The Miller trade is a great example of a classic rebuild-for-the-future deal. In the Lester and Lackey deals, the Red Sox are pioneering a next level approach to selling at the trade deadline. By acquiring Yoenis Cespedes, Allen Craig, and Joe Kelly, Boston has reloaded with players who are sure to help them compete next year. They address their glaring need for an outfielder by adding Cespedes’ strong bat and Go-Go-Gadget Arm, giving them a solidly above average player on a below market contract. They also address both their rotation and lineup depth by adding two more players in Kelly and Craig who project to be around league average next year, have some upside from there, and are under team control for years to come. They accomplish all this before having to commit any of their budget on the free agent market.

Compare this to your third-place New York Yankees. After wasting an immense opportunity to move an incomparably valuable trade chip in Cano last year, the Yankees will once again chart a course to a mediocre future by holding on to eminently tradeable assets Hiroki Kuroda and David Robertson. They once again will walk the middle course of trying to eke out a playoff appearance with an unexceptional team, neither going all in this year nor making sure next year will be better. We acknowledge that the decision to sell is much easier for Boston, as their actual W-L record puts them well out of the race. But, the Yankees’ expected W-L record (50-57) reveals that their team is in the same class as the Sox in terms of actual prowess. Look at the Rays- a better team than the Yankees (54-54 xW-L), who have about the same shot at sneaking into the playoffs. This expertly run franchise has taken a totally different tack- selling the league’s best pitcher for a young pitcher that will immediately help out next year and beyond, plus a top young prospect with years of team control. The Yankees, conversely, will be entirely dependent on a grim free market to fill huge gaps in their roster. Meanwhile the A’s, with less than half the Yankees budget, manage to compete year after year and now are going for it all with the league’s best team.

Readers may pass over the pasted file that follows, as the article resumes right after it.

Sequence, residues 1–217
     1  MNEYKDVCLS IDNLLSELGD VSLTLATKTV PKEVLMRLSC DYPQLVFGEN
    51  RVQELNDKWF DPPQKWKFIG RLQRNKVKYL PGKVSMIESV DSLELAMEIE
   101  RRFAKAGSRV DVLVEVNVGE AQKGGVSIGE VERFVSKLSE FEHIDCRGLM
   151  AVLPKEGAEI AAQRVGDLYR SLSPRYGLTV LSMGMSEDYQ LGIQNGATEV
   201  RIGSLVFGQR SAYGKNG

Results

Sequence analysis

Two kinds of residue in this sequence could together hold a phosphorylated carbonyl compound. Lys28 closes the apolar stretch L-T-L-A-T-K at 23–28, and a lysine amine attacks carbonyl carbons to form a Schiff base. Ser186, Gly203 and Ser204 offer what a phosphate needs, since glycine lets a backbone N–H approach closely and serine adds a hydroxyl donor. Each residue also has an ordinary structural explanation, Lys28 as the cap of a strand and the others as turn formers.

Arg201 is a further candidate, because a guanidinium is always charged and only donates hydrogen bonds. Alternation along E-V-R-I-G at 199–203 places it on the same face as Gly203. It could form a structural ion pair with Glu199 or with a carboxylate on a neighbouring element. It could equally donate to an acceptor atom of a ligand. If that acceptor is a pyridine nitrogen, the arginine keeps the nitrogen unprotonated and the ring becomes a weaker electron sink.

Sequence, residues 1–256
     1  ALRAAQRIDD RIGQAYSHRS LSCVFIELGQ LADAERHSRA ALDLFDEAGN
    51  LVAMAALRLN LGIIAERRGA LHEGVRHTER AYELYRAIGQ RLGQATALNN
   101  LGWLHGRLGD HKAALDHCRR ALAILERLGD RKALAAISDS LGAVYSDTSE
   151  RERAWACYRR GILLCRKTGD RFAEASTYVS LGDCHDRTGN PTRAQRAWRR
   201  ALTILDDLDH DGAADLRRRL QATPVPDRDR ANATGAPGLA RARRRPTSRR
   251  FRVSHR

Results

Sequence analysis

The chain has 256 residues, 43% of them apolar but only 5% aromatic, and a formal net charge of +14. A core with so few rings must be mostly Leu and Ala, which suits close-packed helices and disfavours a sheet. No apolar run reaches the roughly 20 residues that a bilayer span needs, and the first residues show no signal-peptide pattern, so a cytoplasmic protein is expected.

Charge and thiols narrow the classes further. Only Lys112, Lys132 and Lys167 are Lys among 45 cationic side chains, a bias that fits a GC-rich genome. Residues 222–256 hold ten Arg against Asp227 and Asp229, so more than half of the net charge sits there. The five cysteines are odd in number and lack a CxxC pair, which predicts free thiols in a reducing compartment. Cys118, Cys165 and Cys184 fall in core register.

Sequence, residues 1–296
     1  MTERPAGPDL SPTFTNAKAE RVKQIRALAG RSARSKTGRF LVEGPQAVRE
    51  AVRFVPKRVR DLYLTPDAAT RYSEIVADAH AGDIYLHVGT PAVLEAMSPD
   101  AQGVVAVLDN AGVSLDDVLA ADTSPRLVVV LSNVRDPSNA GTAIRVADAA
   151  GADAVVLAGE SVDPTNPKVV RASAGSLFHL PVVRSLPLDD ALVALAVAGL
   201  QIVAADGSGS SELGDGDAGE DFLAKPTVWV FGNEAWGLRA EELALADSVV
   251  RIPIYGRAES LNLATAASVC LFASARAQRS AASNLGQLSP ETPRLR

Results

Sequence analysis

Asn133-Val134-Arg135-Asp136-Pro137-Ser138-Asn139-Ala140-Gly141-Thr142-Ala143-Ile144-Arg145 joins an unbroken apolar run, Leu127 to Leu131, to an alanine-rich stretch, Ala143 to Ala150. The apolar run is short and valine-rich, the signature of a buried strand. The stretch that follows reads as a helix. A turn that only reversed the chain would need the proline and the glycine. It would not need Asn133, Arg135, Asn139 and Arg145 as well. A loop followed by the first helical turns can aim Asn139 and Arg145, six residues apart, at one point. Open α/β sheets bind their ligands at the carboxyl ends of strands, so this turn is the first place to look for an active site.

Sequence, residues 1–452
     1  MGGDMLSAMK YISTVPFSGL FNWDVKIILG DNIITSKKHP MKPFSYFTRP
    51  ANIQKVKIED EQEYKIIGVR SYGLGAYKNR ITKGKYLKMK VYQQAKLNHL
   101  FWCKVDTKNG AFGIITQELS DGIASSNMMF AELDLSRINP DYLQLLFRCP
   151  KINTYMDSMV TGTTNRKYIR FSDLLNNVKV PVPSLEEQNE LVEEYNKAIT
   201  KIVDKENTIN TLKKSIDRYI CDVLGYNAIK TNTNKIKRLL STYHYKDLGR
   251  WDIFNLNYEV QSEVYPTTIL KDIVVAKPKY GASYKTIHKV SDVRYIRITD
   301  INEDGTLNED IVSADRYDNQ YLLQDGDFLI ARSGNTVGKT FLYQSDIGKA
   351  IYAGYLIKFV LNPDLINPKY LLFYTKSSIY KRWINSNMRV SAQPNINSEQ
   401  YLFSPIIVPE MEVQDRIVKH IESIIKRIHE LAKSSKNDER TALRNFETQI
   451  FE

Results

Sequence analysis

These franchises are universally respected among both SABR nerds and the old guard. They get impressive results in the standings and are all poised for a serious championship run in the near future. It can’t be ignored that they are doing things very differently than the Yankees. The closest analog to the Yankees strategy- keeping the embers of playoff hopes stoked by trading your near and long term future, and acquiring just enough now players to remain World Series long shots- is probably the Kansas City Royals. A sad, sad sentiment.

When two front offices get it

July 31, 2014 | 24 comments | in Quick Analytical Blurbs | by SJK

Yahoo Sports:

The Oakland A’s on Thursday morning acquired Boston Red Sox starter Jon Lester, the playoff-tough left-hander who can be a free agent at season’s end, in an all-in effort to win the AL West and make a deep October run, baseball sources told Yahoo Sports.

The agreed-upon trade will send Lester and outfielder Jonny Gomes to the A’s. In return, the Red Sox, embarking on their second roster makeover in two years, receive outfielder Yoenis Cespedes and, critically, a competitive balance pick in the 2015 draft. Cespedes, 28, can become a free agent after the 2015 season.

The Red Sox acquired the second pick in what is known as “competitive balance round B,” which will come after the second round of the draft

Love the trade for both sides.

Oakland: As one of baseball’s elite teams this season, Billy Beane clearly knows he has a legit chance to win a championship and acquired one of baseball’s top pitchers. Also, the last thing Oakland wants is to end up in that one-game wild card matchup. Acquiring Lester helps them in their quest to hold off in the Angels in the division race.

Boston: Really just an astute move on their part. Knowing the team is clearly out of the race, they trade away a soon-to-be free agent for an above-average bat that will help them in 2015 AND they get a draft pick. Plus, they leave open the possibility of re-signing Lester in the offseason.

Makes you wonder what the Yankees could have received if they traded Cano last season.